Philadelphia planners who are in Rome ahead of the leadership delegation are telling us now that if the pope comes to Philadelphia next year for the World Meeting of Families (WMOF), the event could be the largest event ever hosted in the city and possibly the continent.
"Some are telling me that it might be the largest global event that will hit North America," said Father Bill Donovan who hails from Havertown, Delaware County.
Donovan has been in Rome for the past few months working diligently as the liaison between the Archdiocese of Philadelphia and the Pontifical Council for Families at the Vatican, which is in charge of the WMOF. The two organizations are collaborating on how the world meeting will unfold in Philadelphia next year from Sept. 22 to 27.
"We're celebrating the family and it will be a great moment in the life of Philadelphia, and the life not only of the church in Philadelphia but of all the great people of Philadelphia," Donovan said.
Pope Francis is expected to come to Philadelphia for the event, but officially, his schedule doesn't get confirmed by the Vatican this far out.
"He does seem to want to try and do this," said Fr. Donovan. "Generally, it's the custom not to finally confirm these matters until four to six months before."
If the pope does come, he is expected to say mass, which would likely be held along the Ben Franklin Parkway.
"That's our hope," said Bob Ciaruffoli, the president of Philadelphia's World Meeting of Families. "We don't have the final say in it, but that's our obvious choice for all involved. We've been talking about it from almost day one. When you take a look at the amounts of people that are going to be involved, the number of sites are extremely limited."
And the number of people expected in Philadelphia -- if the popular Papa Francesco visits -- keeps growing. On March 7, when Archbishop Chaput announced the members of the delegation team coming to Rome, the number tossed out for people expected to attend a mass by the pope was 1 million. Last Friday, Mayor Nutter told us the number could soar to as many as 2 million.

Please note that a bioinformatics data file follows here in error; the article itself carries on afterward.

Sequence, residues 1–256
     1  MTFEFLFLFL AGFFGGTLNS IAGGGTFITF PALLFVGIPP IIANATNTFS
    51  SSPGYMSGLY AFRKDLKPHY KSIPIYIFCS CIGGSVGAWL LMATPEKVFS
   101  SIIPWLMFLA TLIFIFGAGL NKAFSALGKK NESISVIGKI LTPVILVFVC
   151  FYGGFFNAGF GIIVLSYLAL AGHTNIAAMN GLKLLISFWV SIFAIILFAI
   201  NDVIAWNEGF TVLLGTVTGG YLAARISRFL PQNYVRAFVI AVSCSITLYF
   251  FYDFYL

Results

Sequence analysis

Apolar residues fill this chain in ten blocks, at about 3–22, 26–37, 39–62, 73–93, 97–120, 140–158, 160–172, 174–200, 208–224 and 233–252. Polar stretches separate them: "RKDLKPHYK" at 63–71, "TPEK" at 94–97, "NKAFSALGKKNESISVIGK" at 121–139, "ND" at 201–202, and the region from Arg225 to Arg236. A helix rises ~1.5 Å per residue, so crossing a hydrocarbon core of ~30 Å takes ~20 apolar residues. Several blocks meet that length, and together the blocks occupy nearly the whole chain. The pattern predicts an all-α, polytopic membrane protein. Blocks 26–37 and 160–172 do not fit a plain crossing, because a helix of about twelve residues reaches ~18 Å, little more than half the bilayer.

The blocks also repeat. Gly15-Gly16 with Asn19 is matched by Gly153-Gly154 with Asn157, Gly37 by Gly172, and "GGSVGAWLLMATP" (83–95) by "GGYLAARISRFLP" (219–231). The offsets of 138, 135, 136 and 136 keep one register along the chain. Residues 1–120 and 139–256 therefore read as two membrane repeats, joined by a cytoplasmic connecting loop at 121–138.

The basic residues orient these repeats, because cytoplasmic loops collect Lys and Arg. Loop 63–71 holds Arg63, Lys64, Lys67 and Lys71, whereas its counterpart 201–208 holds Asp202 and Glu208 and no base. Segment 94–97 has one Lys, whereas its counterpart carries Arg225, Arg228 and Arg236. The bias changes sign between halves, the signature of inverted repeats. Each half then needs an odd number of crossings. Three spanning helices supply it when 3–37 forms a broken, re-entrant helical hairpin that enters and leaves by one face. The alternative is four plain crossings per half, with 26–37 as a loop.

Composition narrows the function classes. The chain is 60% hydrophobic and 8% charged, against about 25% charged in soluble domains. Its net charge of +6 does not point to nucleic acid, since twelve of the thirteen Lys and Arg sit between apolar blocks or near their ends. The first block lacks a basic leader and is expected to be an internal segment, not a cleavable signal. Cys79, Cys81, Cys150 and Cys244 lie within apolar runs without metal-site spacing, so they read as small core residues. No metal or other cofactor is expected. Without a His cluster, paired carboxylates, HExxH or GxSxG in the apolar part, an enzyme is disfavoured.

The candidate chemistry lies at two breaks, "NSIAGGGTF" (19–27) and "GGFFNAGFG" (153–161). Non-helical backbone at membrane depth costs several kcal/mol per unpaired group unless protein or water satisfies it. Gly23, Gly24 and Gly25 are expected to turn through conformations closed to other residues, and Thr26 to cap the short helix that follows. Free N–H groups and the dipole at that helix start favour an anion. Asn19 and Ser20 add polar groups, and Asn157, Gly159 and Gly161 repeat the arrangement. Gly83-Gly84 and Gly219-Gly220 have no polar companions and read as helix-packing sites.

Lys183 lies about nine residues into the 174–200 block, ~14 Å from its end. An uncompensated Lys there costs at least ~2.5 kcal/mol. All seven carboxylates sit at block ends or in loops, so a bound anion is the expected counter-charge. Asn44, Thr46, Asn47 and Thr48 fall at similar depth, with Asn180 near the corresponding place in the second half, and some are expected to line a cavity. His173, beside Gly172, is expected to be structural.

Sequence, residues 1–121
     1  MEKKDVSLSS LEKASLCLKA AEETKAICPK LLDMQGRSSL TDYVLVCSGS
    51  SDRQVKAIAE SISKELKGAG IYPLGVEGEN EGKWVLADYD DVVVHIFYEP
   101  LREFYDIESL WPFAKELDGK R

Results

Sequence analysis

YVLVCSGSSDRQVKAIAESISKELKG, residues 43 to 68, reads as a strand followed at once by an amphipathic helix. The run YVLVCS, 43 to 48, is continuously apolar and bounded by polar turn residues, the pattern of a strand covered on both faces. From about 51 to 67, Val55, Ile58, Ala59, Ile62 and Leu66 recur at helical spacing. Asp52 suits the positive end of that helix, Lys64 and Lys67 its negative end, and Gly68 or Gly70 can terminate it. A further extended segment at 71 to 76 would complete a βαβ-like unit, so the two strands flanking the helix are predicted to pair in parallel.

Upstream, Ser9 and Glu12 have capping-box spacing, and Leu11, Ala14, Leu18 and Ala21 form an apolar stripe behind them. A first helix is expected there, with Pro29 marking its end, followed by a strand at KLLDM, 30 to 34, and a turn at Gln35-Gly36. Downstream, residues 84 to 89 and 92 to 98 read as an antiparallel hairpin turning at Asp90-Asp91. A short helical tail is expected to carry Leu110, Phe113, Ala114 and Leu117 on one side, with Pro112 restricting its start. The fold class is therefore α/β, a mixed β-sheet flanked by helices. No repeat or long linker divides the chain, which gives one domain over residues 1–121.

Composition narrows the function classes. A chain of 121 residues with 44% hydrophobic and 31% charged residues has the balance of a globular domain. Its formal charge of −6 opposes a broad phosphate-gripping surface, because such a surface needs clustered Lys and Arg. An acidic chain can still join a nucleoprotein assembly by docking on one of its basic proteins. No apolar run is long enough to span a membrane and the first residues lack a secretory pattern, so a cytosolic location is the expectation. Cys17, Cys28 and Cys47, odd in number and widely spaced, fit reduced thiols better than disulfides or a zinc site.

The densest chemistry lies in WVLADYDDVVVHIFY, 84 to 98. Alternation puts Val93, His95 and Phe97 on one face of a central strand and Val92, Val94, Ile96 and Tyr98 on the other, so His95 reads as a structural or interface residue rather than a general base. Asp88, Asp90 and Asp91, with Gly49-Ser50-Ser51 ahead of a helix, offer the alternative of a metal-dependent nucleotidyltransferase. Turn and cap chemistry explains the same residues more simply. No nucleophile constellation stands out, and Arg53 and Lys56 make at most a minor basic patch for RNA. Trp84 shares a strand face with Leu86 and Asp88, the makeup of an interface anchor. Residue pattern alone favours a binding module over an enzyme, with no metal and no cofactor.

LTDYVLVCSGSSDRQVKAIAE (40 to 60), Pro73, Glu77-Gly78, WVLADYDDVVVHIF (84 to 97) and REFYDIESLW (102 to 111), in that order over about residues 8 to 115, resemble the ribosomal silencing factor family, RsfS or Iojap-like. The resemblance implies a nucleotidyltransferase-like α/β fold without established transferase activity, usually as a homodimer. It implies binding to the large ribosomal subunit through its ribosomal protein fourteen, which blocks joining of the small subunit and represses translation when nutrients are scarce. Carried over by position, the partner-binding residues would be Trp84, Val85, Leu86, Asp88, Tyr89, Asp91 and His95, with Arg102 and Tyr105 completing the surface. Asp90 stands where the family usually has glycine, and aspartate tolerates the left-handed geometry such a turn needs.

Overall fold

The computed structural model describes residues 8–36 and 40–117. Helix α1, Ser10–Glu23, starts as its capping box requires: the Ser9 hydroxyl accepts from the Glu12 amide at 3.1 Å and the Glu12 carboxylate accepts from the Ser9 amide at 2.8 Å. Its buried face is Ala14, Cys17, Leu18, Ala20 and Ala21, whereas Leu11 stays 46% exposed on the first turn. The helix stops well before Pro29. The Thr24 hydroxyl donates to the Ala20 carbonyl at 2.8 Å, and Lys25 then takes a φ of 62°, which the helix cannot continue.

"I think in recent times at least, there will probably not be another event anywhere near the magnitude of this one, nationally or internationally," Nutter said.
Whatever the number, Fr. Donovan said the World Meeting of Families will be a pivotal time for the pope's intention to keep refocusing efforts around the world, on family.
"The family is really the place where somehow we feel the most loved, most appreciated, most special. So the family is really very important. Since Pope Francis became a pope just a over a year ago, this has been really the hallmark of his rejuvenation. He's really captured the imagination of the world about the importance of the family," Donovan said. "So clearly, this has to be seen as a hallmark of the ministry and the service that he wants to put forth of the church to the world, certainly the family is the keystone of a healthy society."
On a personal level, Fr. Donovan said, working with the Vatican and the Philly Archdiocese on such a big event has been very rewarding.
"And I think I'm particularly joyful about this because being the fifth of eight children, all of my seven brothers and sisters are married with children and so it was a great surprise and a joy to have this type of work which is so dear to my heart because growing up in Havertown, and so many of my friends and family are there and so, it's a particular joy and privilege for me to be involved in this new ministry of the church and new movement of the church."